• From 1979-2006, the plaintiff win rate for employment cases (15 percent) was lower than non-employment cases (51 percent).
• For cases going to trial, employment discrimination plaintiffs (28.47 percent) won less often than other plaintiffs (44.94 percent).
• Employees succeeded on appeal only 9 percent of the time, while employers won 41 percent of appeals.
Judicial Hostility, p. 4.
The report points to the lack of federal judges who, as lawyers, actually represented, you know, people. I don’t mean corporations, which are now considered by the same federal bench to be people. I mean living, breathing human beings.
Employees face all kinds of judge-created obstacles. The report cites a few (my colleagues and I could probably name a dozen more):
• “Stray Remarks” – Allows judges to disregard discriminatory statements made by supervisors or other employees as merely “stray remarks,” and therefore not evidence of discrimination
• “Business Judgment” – Permits judges to defer to an employer’s “business judgment” instead of carefully examining whether an asserted justification for an adverse employment action was pretext for unlawful discrimination. Some courts have gone so far as to accept the defendant’s asserted reasons for the adverse employment action being challenged, even when the employer’s explanation is harsh or unreasonable.
• “Self-Serving Witness” – Enables judges to presume the credibility of testimony from defense witnesses with a vested interest in helping employers avoid liability, while categorizing assertions by or on behalf of plaintiff-employees as purely “self-serving.”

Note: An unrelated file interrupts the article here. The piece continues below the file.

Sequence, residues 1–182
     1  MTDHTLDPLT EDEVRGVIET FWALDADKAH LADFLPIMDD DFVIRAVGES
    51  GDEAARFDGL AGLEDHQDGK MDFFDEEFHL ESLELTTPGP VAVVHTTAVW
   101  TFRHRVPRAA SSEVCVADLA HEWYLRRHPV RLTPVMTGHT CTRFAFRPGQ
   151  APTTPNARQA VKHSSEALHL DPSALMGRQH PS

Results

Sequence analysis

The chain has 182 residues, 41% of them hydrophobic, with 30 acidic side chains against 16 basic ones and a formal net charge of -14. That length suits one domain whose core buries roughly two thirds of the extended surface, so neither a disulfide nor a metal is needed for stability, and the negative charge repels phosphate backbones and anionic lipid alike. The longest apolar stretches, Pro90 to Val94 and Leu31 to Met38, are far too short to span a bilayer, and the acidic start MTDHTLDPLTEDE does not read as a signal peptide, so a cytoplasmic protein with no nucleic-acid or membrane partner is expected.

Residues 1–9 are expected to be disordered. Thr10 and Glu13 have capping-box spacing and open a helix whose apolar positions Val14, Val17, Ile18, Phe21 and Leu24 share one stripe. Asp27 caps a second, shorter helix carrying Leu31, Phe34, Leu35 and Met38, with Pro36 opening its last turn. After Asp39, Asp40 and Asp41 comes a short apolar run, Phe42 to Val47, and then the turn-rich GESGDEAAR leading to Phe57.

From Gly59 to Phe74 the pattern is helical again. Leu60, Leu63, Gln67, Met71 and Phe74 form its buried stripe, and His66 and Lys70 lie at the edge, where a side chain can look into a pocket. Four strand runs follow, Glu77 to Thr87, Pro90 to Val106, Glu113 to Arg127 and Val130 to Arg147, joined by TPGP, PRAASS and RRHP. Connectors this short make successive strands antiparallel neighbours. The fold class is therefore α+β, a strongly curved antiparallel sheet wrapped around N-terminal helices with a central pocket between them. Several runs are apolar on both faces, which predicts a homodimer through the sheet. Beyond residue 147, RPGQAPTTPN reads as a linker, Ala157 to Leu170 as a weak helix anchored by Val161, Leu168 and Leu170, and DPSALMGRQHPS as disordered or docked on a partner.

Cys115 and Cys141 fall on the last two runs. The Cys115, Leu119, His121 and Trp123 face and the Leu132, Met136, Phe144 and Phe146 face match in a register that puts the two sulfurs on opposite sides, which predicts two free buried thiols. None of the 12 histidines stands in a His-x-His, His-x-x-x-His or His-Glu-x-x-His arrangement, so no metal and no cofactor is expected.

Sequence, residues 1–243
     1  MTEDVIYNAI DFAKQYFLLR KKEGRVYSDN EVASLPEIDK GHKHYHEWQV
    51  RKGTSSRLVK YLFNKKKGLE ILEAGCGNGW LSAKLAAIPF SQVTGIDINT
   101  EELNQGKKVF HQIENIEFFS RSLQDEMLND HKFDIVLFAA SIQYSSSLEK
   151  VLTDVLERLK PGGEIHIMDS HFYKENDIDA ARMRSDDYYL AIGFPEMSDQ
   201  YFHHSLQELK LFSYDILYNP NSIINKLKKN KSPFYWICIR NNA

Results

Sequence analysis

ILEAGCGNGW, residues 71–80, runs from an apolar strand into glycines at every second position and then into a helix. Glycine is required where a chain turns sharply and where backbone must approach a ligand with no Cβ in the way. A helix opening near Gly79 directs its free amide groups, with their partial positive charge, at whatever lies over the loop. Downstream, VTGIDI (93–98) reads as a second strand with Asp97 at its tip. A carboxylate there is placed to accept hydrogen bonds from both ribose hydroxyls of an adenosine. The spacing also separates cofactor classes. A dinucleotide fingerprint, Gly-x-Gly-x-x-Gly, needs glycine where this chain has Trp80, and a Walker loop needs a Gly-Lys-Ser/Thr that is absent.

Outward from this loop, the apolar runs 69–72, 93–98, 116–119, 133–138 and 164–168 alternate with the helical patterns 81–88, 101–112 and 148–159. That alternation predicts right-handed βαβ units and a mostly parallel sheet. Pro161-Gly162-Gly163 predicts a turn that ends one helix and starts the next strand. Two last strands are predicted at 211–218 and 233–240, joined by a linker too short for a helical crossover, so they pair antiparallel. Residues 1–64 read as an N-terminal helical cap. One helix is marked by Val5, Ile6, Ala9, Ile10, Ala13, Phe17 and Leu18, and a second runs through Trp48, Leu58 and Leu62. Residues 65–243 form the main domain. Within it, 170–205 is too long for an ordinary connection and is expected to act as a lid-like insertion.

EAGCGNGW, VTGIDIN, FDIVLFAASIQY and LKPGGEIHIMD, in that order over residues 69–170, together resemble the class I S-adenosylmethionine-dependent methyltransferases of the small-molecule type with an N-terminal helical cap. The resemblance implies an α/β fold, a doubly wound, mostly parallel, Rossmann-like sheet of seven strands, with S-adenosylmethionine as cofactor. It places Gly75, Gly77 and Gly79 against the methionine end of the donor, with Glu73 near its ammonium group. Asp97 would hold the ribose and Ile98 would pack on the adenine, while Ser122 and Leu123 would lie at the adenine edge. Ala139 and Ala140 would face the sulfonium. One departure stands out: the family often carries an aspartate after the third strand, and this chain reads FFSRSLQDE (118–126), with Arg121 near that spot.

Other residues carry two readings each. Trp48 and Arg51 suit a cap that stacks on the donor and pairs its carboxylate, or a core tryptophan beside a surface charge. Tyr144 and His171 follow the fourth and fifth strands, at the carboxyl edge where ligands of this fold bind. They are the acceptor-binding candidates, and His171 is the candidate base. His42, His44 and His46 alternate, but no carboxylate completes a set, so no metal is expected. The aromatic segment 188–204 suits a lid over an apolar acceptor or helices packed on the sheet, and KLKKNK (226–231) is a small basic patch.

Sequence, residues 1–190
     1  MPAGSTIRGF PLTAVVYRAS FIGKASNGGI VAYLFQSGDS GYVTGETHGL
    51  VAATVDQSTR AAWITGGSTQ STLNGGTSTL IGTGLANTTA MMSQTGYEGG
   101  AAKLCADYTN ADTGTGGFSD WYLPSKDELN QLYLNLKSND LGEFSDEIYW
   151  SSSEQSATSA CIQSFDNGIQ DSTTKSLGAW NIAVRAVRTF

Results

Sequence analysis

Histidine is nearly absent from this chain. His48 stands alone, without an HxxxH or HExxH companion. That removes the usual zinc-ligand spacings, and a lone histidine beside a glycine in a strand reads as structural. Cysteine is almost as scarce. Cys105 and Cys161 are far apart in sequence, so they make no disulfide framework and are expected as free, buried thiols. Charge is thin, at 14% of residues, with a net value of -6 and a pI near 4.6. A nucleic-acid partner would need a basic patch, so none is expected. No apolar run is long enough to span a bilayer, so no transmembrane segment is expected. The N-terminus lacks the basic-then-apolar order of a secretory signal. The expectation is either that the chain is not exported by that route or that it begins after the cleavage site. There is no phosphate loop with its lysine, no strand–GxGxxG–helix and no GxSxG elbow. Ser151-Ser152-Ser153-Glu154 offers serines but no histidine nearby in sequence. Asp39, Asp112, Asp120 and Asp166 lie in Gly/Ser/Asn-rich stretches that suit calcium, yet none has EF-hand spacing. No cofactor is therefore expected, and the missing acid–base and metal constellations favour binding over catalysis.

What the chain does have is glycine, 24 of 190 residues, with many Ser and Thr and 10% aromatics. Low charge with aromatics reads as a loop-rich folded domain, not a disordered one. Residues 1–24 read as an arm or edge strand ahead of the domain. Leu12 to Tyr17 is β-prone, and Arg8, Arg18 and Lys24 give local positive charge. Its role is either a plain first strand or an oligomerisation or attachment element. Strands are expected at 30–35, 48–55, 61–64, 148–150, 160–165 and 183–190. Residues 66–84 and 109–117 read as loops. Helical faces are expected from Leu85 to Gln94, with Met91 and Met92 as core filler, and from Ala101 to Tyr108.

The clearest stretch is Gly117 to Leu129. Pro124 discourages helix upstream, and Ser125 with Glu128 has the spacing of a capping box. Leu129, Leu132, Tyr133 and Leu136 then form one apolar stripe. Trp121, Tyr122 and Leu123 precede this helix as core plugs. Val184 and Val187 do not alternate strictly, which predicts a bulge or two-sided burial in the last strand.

Judicial Hostility, p. 5.
The report cites to one other factor peculiar to federal courts: summary judgment. The fact is that summary judgment standards in federal court result in very few employment cases actually making it to trial.
• Between 1979 and 2006, employees in discrimination cases won only 4 percent of pretrial adjudications – the bulk of which can safely be assumed to have been on defendants’ motions for summary judgment.
Judicial Hostility, p. 8.
The report recommends that the President appoint judges from diverse professional backgrounds. The lack of judges who have worked for non-profit organizations that assist the poor and judges who have represented plaintiffs in employment and civil rights cases certainly skews the bench to the employer side.
I have another suggestion. Congress needs to step in. When the bench creates obstacles, Congress can lift them. They’ve done it with the Lilly Ledbetter Fair Pay Act, the ADA Amendments Act, and the VOW to Hire Heroes Act. They can fix some more of these problems by making the standards for proving and winning discrimination cases clear; by laying out the burden of proof for both plaintiffs and defendants so it’s not open to hostile interpretation; and by eliminating the judge-created doctrines that make employment law cases ridiculously hard to win.
Do you want change? Contact your member of Congress. Send them this report. Tell them that it's their job to make sure hard-working Americans don't get short-changed in federal court.